Individuals’ inability to determine whether selling their annuity is value for money is a “serious issue” that could undermine the Government’s plans to develop a second-hand annuity market, the Institute for Fiscal Studies says.
In an observation note published today, the IFS says the Chancellor’s announcement that around five million people will be able to sell their annuities is a “natural next step” but warns the market could fail to develop because of “adverse selection” principles.
Savers also need to have access to “good quality financial advice and guidance” to help them swap an income stream for a lump sum, the note adds.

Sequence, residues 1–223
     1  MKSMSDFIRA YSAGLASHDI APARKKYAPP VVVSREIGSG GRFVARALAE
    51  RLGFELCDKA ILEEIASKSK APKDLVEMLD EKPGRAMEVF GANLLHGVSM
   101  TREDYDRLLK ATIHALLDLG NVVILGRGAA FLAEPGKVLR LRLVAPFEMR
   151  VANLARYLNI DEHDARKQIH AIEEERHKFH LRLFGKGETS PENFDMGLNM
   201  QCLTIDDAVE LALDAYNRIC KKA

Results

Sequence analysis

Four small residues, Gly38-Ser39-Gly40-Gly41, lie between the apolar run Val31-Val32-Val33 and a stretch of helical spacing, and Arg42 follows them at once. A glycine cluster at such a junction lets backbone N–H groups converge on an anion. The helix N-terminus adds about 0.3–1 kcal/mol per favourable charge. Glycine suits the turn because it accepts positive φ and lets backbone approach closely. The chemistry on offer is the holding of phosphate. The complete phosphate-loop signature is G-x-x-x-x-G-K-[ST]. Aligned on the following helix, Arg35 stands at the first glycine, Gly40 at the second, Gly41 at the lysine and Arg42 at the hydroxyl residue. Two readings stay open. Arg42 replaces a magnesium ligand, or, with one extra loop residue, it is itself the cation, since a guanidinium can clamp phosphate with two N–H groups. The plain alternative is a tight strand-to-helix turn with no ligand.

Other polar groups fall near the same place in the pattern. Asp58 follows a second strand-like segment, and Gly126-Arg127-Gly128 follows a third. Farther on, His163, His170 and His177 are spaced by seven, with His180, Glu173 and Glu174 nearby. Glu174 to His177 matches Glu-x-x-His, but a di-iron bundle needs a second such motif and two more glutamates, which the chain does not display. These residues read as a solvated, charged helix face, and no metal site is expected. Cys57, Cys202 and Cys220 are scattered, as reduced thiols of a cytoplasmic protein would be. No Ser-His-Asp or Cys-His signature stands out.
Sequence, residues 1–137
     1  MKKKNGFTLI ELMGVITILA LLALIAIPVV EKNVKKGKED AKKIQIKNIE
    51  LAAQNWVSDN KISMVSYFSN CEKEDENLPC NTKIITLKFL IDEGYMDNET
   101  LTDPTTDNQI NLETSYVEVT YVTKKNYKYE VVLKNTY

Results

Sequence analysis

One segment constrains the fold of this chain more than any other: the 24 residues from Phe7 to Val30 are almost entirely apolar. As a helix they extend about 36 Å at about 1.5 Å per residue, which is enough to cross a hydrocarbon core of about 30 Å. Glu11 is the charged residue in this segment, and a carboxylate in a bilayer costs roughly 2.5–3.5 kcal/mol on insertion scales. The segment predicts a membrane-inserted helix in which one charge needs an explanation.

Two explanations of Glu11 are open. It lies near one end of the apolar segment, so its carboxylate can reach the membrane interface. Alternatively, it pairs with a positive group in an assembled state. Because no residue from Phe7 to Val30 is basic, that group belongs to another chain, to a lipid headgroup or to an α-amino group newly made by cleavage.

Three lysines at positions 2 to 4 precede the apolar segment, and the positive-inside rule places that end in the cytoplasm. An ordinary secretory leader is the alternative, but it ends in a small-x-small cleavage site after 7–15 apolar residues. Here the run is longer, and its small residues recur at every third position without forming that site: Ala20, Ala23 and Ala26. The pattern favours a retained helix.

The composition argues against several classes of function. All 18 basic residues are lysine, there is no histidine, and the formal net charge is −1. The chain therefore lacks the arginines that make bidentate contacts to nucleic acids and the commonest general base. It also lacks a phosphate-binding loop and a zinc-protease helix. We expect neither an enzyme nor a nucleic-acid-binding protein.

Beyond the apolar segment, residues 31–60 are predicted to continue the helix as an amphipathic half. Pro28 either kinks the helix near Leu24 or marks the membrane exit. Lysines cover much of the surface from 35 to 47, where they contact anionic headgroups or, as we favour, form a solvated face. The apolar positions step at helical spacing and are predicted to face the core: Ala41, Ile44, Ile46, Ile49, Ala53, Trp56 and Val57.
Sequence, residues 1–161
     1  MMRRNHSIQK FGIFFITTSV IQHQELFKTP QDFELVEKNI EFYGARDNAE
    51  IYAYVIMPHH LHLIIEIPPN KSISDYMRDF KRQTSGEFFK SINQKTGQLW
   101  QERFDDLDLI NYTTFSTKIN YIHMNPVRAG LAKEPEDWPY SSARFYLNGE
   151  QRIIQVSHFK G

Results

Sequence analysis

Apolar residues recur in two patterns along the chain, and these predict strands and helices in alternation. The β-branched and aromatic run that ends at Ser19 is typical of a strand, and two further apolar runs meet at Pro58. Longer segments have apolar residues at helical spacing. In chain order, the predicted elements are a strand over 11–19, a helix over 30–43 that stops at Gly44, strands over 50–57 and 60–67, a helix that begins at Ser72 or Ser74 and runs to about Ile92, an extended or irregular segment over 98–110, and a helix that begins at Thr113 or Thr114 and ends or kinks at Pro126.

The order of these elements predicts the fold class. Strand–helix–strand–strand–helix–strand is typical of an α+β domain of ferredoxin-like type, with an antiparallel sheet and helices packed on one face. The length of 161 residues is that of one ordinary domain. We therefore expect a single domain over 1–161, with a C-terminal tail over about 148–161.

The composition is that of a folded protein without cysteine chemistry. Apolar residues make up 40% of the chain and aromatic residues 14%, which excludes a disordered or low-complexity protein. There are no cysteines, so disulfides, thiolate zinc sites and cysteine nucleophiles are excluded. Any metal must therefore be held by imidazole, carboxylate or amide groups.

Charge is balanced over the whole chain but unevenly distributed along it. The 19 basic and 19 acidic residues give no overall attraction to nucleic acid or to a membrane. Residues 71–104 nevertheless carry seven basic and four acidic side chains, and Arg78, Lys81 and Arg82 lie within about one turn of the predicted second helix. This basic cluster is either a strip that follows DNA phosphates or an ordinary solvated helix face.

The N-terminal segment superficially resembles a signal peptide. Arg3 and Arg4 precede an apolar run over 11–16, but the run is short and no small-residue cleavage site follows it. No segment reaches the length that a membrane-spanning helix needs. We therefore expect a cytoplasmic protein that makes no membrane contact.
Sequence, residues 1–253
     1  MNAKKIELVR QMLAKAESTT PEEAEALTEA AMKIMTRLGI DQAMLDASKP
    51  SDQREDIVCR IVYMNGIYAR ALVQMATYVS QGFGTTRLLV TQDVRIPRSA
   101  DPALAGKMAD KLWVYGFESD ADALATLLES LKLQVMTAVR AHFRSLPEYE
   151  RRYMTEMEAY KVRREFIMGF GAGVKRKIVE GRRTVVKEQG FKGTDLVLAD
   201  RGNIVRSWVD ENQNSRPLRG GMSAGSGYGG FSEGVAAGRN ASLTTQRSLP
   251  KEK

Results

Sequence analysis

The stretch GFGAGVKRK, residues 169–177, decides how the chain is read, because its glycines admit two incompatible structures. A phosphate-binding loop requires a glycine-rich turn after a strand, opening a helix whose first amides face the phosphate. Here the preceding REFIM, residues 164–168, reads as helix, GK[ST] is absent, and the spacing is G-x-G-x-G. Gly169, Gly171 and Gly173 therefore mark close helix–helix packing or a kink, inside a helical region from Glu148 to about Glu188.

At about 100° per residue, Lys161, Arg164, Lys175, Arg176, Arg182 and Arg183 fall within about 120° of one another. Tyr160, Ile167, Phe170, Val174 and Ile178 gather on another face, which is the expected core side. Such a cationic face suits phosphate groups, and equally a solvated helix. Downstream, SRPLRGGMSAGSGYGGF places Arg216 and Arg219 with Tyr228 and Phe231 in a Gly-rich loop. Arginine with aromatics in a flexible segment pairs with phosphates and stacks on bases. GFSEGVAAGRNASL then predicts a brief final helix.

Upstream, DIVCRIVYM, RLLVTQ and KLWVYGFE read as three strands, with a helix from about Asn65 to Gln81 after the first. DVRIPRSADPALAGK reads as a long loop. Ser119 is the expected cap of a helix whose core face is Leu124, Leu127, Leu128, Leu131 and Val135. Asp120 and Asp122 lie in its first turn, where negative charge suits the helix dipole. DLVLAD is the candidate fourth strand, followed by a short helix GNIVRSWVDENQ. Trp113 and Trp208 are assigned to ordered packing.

The IFS says the difference in information held by purchasers and sellers of annuities means a market “might be limited or even difficult to establish at all”.
It says purchasers’ lack of detailed information on sellers’ lifestyle, health problems and family history may mean the prices they are willing to offer will be far lower than individuals expect.
The note says: ”Evidence suggests that at least a significant minority of annuity holders – in particular, older annuity holders – may struggle with the complex decisions required in valuing their annuity compared to an alternative lump sum.
“This suggests that, at the very least, individuals will need to have access to good quality financial advice and guidance in order to navigate this new market – if, indeed, such a market does spring into existence.”